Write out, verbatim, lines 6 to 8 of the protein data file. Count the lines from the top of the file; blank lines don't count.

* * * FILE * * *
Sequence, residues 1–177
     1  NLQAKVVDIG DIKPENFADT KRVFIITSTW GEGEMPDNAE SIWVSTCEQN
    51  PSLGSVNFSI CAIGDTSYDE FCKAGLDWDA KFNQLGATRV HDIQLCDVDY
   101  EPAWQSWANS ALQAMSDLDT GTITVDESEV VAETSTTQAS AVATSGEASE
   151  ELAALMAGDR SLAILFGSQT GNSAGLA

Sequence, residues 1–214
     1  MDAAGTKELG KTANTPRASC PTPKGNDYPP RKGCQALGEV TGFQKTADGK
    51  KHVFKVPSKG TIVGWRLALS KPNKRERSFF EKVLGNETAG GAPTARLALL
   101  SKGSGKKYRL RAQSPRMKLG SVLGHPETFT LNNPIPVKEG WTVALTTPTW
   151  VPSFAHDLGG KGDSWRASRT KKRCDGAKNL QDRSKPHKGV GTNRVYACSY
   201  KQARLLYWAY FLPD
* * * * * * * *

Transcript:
Sequence, residues 1–214
     1  MDAAGTKELG KTANTPRASC PTPKGNDYPP RKGCQALGEV TGFQKTADGK
    51  KHVFKVPSKG TIVGWRLALS KPNKRERSFF EKVLGNETAG GAPTARLALL